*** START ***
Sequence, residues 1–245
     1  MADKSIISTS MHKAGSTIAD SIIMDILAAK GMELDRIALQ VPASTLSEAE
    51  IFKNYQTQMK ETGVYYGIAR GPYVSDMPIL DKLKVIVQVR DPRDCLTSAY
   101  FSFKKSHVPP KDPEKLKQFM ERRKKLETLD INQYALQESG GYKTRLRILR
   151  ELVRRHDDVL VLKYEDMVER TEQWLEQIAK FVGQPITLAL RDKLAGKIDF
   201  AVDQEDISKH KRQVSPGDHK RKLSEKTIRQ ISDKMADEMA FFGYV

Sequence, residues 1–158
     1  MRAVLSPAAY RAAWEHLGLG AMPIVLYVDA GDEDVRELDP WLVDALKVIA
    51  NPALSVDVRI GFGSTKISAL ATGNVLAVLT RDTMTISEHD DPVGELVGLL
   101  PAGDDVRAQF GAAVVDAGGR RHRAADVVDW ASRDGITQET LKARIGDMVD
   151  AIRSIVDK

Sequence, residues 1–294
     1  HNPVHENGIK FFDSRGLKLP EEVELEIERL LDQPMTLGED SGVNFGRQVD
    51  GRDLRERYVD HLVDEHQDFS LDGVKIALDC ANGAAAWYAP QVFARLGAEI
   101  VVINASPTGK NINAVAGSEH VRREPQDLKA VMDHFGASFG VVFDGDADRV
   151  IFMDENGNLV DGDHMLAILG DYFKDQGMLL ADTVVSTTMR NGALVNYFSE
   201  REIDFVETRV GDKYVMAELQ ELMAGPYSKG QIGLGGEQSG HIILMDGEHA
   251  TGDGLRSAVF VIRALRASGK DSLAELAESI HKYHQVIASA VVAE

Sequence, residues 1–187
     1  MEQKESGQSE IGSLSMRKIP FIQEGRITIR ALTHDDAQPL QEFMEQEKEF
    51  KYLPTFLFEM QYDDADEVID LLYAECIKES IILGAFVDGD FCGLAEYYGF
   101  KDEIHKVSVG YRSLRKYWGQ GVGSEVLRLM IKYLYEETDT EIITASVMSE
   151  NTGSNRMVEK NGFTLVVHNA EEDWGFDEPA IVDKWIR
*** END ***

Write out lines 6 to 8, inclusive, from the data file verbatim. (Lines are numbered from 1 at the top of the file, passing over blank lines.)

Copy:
   201  AVDQEDISKH KRQVSPGDHK RKLSEKTIRQ ISDKMADEMA FFGYV

Sequence, residues 1–158
     1  MRAVLSPAAY RAAWEHLGLG AMPIVLYVDA GDEDVRELDP WLVDALKVIA